1. Familiarize yourself with your local recycling restrictions so you don't contribute to the contamination of the plastics that are being collected.
2. Carry your own jars for restaurant leftovers, and cloth bags to buy bulk foods where available at your local markets and food stores.
3. Shop for products in biodegradable packaging (like Meow Meow Tweet deodorant sticks), or without packaging entirely (like LUSH shampoo bars). Bonus: If an item is available locally, you'll avoid online shipping waste. And if a product on the shelf is wrapped in plastic, vote with your dollars and choose the one that isn't packaged in plastic.
4. For your daily caffeine fix, grab a KeepCup or other barista-approved reusable receptacle that makes you smile to say "here, please use this instead." Sad Fact: Most paper cups are not recyclable due to their wax or plastic coatings, whereas glass is endlessly recyclable without losing purity! Remember: Glass is great.
5. Toss your clothes into Patagonia's Guppyfriend to cut down on microfiber waste in the wash!
6. Trade plastic wrap for colorful and reusable Bee's Wrap, waxed canvas sheets perfect for keeping leftovers, bread, produce, and cheese fresh. Their sandwich wraps are great on the go.
7. Treat yourself to a few handy Baggu Bags, each one can hold 3 grocery bags worth, up to 50lbs!
TIP: Earth Day is a great day to catch flash sales on sustainable products! If you miss the sale, use our above link 10% Off.
8. Consider shopping at second-hand stores before spending your cash on something new, from clothing to household items. (And for bonus karma points: If it's a book or record, consider donating to the creator.)
9. Refuse! Be inspired by the Zero Waste movement, and simply say no thanks to anything unnecessary, like free plastic "collectible" cups or giveaways that will just go into the garbage.
10. Skip. Bottled. Water. Instead, stay hydrated with one of the many alternatives available– Nalgene, Klean Kanteen, MiiR, Soma, and endless others. Bet you could find a Bkr to match your Baggu... and drop in a Kishu charcoal stick to filter your drinking water.
And if you are considering a trip to beautiful Bali, follow these tips to be a more eco-conscious tourist than most of their visitors.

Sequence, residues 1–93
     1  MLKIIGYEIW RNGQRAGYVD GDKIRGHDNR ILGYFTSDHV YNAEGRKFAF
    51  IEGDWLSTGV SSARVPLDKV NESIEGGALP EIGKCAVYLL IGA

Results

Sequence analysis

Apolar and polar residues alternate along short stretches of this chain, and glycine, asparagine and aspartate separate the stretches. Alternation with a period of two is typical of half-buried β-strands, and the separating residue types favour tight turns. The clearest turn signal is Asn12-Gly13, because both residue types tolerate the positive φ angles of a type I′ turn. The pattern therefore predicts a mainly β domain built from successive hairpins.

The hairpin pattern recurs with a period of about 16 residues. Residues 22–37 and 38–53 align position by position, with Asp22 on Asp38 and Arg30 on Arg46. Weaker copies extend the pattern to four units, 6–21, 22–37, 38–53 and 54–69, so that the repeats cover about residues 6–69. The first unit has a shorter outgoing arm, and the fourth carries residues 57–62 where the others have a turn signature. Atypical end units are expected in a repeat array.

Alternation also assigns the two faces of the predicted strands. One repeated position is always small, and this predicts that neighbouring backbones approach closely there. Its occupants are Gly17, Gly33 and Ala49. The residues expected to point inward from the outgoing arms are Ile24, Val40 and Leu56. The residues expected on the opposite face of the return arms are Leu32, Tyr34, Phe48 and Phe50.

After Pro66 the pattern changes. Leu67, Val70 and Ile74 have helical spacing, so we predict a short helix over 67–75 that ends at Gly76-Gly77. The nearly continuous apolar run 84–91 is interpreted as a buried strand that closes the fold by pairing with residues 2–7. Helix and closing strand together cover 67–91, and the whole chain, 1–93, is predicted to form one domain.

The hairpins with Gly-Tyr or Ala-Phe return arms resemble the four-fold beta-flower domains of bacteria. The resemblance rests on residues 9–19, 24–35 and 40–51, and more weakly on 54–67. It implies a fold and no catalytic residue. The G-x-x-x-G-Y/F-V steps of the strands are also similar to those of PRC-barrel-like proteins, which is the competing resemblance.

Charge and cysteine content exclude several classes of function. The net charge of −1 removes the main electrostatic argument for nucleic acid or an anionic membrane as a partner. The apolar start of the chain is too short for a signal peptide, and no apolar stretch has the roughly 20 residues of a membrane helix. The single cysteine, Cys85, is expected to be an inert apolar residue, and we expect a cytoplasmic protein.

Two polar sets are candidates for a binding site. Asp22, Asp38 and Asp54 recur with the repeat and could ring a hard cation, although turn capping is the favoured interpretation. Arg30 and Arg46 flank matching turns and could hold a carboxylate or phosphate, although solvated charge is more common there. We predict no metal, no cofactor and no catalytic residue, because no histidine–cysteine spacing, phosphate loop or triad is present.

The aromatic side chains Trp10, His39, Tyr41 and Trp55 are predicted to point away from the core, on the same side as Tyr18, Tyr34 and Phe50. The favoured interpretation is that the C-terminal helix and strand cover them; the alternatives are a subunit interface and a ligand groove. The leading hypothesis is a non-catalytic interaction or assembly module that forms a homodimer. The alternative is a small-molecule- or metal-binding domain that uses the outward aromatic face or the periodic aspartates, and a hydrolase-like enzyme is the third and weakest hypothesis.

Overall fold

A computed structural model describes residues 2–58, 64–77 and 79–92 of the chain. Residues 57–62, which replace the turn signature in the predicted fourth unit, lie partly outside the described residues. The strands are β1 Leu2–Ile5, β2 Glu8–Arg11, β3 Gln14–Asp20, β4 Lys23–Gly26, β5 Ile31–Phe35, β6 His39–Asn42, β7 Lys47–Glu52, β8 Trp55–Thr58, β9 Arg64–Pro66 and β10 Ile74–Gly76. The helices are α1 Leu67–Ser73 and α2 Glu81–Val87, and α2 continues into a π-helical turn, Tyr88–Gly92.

While sipping coffee at Seniman Cafe in Ubud, Bali, we literally read the writing on the wall on their roastery across the street:
Seeing first-hand how garbage isn't going anywhere, I'm proud and excited to find ways I and my business can better honor the planet that connects us all.
Inspiring Resources and Select TED Talks:
Can One Straw Change the World? Rachel Lincoln Sarnoff | TEDxSantaBarbara
Why Plastic Pollution is Personal | Natalie Fee | TEDxBristol
The non-disposable life | Lindsay Miles | TEDxPerth
Zero Waste is not recycling more, but less | Bea Johnson | TEDxMünster
The shocking scale of our waste - and the myth of recycling | Irene Rompa | TEDxMidAtlantic
Photos by Distil Union co-founder, Lindsay Windham.
1. Study Finds Microplastics In 93% Of Bottled Water. Niall McCarthy, Statista.com, 16 March 2018.
2. Invisible plastic: microfibers are just the beginning of what we don’t see. TheGuardian.com, Mary Catherine O'Connor, 29 June 2017.
3. What you need to know about China's scrap import policies. Cody Boteler, WasteDive.com, 8 January 2018.
4. Journey To The Waste: Has The West Learned Its Lesson From China’s Plastic Ban? Resty Woro Yuniar, SCMP.com, 12 February 2018.
5. Why China Isn't Taking America's Garbage Anymore—Literally. Philip Perry, BigThink.com, 13 December 2017.
6. How can Indonesia win against plastic pollution? Thomas Wright, TheConversation.com, 5 September 2017.
7. China Doesn’t Want Our Trash Anymore, So We Need To Recycle Smarter. Adele Peters, FastCompany.com, 15 December 2017.